Hyaluronan Tissue, Protects Naked Mole Rats From Developing Cancerous Tumors… Cancer-Prevention Techniques For Humans
This Ugly Rodent May Hold The Secret To Cancer Prevention
The bucktoothed, wrinkled naked mole rat may hold the secret to beating cancer in humans.
After all, the ugly creature can live for up to thirty years (other rodents live about a tenth of that) and they are unusually resistant to cancer.
This resistance could be due to a molecule in the mole rats’ connective tissues, according to a study published in the journal Nature on June 19.
Immune to cancer: Naked mole rats reveal their secret
Apart from their hairless appearance, naked mole rats are known for several distinguishing characteristics: They have an unusually long life span for a rodent, and they seem to be protected from developing cancer. Now, researchers have pinpointed a natural substance found between the rodents’ tissues that may explain their cancer resistance.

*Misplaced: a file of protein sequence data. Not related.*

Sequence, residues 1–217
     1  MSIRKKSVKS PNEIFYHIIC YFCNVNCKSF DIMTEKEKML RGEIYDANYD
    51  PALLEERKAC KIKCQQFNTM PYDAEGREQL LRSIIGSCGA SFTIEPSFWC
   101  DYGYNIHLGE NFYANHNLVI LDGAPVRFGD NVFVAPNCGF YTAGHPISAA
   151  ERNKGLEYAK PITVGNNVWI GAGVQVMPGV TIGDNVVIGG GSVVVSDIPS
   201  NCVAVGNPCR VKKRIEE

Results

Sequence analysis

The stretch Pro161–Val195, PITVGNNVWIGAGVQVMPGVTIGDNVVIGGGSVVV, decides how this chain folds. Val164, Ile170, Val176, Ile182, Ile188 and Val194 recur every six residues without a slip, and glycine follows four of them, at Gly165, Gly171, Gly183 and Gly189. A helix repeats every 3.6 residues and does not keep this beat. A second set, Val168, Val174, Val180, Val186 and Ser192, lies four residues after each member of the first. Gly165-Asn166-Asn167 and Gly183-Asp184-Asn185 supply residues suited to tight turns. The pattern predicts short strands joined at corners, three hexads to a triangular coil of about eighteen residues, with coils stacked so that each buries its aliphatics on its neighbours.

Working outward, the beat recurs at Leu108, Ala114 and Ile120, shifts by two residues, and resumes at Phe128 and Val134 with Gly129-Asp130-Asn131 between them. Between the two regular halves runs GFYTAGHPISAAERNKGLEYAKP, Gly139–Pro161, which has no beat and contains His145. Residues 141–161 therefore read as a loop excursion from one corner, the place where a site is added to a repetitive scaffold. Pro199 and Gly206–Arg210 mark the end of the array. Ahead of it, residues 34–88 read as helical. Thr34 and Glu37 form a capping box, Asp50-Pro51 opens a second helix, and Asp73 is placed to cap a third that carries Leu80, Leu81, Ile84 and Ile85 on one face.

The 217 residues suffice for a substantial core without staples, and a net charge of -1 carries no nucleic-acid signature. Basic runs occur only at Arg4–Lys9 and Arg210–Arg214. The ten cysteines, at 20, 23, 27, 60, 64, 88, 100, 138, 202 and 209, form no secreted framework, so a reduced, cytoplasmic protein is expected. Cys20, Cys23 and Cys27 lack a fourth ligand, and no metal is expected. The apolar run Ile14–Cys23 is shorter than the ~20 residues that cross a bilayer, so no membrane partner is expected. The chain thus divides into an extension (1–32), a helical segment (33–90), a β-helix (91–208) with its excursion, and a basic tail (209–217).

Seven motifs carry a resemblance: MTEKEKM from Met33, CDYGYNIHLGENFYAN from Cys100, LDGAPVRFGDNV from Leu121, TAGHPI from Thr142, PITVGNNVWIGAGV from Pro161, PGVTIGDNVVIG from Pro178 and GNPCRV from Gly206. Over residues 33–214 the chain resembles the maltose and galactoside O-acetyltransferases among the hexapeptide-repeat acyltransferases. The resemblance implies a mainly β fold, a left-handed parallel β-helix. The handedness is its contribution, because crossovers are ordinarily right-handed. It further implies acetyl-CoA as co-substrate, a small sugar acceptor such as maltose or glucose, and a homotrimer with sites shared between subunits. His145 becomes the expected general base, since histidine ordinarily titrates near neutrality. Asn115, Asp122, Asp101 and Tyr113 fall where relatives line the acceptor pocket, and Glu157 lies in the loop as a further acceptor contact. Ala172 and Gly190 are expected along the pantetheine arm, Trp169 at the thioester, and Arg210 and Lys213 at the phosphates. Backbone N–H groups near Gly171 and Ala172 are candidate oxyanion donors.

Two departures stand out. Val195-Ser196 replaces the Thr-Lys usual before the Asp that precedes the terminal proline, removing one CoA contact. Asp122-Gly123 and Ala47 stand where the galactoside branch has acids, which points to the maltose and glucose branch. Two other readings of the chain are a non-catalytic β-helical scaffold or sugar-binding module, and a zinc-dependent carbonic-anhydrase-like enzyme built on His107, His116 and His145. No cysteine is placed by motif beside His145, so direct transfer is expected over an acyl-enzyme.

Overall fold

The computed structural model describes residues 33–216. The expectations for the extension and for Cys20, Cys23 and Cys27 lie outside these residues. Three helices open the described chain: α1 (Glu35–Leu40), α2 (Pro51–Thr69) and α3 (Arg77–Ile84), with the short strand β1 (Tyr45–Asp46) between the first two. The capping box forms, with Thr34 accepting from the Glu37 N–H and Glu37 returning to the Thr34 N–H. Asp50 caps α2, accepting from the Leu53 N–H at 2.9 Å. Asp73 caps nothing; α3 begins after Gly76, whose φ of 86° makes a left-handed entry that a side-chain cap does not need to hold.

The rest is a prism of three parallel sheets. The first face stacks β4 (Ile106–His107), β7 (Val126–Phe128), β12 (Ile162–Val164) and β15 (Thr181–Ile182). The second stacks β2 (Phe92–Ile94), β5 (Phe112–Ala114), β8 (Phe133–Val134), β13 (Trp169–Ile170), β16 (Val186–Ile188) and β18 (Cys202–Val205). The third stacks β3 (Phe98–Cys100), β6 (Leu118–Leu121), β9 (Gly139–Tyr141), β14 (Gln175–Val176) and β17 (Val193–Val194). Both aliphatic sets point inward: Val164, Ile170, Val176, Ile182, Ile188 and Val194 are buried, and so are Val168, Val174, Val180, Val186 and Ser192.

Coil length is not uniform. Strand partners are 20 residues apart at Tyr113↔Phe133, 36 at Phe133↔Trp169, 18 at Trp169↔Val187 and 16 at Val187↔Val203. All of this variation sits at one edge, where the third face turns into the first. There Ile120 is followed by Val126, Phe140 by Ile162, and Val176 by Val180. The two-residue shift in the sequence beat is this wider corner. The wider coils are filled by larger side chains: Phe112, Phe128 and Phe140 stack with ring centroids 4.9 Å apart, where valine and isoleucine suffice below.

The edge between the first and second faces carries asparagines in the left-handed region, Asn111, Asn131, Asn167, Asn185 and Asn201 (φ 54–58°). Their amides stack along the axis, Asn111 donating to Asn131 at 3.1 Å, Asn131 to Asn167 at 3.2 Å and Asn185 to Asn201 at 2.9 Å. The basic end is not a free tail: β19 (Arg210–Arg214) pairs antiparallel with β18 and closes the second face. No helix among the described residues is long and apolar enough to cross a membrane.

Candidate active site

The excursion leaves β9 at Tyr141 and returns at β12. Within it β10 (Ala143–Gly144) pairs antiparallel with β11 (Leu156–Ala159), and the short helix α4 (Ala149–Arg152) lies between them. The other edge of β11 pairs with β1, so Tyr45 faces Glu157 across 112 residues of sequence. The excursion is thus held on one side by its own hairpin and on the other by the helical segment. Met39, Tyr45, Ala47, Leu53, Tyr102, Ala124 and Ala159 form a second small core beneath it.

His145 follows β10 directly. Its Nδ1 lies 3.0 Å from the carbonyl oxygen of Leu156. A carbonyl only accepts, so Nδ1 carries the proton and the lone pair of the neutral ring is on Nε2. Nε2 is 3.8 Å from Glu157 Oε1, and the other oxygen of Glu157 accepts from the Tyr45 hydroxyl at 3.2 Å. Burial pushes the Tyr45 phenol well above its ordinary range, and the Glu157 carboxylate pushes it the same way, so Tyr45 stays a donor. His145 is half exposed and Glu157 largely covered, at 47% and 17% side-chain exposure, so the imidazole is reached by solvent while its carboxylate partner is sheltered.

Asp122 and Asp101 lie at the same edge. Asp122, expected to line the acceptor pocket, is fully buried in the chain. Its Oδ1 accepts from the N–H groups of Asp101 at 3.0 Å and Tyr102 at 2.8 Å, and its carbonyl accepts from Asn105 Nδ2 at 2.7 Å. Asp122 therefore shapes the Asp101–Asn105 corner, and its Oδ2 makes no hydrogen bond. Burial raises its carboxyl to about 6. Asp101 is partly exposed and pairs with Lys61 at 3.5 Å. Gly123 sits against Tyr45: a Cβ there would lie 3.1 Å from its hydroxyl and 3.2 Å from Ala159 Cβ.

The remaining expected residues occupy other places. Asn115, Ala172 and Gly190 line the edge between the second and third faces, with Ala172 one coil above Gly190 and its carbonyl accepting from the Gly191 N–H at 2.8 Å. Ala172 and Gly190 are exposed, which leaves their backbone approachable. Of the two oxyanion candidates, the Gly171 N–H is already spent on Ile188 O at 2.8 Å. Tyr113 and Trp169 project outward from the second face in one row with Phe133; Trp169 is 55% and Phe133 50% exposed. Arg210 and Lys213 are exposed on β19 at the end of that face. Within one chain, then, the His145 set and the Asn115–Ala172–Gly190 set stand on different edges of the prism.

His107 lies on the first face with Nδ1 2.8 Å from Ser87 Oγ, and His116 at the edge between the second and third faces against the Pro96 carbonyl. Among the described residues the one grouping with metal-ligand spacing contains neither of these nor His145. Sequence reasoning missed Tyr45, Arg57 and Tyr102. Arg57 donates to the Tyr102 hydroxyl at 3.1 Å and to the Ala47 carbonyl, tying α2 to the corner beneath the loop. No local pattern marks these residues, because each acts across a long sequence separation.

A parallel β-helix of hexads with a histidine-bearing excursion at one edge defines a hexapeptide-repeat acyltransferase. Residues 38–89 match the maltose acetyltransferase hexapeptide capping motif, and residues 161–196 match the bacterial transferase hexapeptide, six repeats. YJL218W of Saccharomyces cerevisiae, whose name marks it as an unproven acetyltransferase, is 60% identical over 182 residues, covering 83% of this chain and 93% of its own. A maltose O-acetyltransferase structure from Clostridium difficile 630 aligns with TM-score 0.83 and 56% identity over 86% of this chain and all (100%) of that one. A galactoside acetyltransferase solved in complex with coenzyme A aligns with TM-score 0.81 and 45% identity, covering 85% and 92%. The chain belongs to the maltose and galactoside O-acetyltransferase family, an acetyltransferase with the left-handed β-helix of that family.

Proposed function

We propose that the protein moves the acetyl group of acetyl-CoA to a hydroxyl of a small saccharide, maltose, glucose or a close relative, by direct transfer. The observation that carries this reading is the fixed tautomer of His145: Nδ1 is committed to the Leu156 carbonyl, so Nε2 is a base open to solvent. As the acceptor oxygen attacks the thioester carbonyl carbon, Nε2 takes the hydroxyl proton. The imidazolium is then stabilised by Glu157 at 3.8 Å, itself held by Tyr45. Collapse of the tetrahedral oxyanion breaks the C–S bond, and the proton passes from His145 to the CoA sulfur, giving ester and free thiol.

Understanding how this substance, known as hyaluronan, protects naked mole rats from developing cancerous tumors could lead to novel cancer-prevention techniques for humans, said study lead author Vera Gorbunova, a professor in the department of biology at the University of Rochester in New York.
In animals, hyaluronan is a component of the extracellular matrix (the noncellular part of tissue) and is known to hold cells and tissues together. The substance also acts as a signal to control the growth of certain cells, said Andrei Seluanov, an assistant professor in the department of biology at the University of Rochester, and co-author of the new study.
Simple molecule prevents mole rats from getting cancer
The same molecules that endow naked mole rats with springy, wrinkled skin also seem to prevent the homely rodents from contracting cancer. Research published on Nature’s website today identifies a sugary cellular secretion that stops the spread of would-be tumours1. Naked mole rats (Heterocephalus glaber), which are more closely related to porcupines than rats, are freaks of nature. The short-sighted creatures spend their lives in subterranean colonies in the service of a single breeding queen — H. glaber is one of only two ‘eusocial’ mammals ever discovered. The rodent doesn’t feel the sting of acids or the burn of chilli peppers, and seems to be the only mammal that is unable to regulate its body temperature.